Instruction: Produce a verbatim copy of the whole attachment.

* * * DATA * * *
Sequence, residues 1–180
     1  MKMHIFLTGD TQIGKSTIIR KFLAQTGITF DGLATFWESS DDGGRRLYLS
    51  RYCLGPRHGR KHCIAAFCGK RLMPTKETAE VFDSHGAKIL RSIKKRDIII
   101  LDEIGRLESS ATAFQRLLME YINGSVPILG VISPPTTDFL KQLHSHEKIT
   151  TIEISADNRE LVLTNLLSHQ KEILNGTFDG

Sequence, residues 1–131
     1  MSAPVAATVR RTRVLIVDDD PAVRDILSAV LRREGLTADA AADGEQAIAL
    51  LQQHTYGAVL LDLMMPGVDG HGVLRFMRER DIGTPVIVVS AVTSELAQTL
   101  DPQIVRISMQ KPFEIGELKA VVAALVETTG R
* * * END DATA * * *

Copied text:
Sequence, residues 1–180
     1  MKMHIFLTGD TQIGKSTIIR KFLAQTGITF DGLATFWESS DDGGRRLYLS
    51  RYCLGPRHGR KHCIAAFCGK RLMPTKETAE VFDSHGAKIL RSIKKRDIII
   101  LDEIGRLESS ATAFQRLLME YINGSVPILG VISPPTTDFL KQLHSHEKIT
   151  TIEISADNRE LVLTNLLSHQ KEILNGTFDG

Sequence, residues 1–131
     1  MSAPVAATVR RTRVLIVDDD PAVRDILSAV LRREGLTADA AADGEQAIAL
    51  LQQHTYGAVL LDLMMPGVDG HGVLRFMRER DIGTPVIVVS AVTSELAQTL
   101  DPQIVRISMQ KPFEIGELKA VVAALVETTG R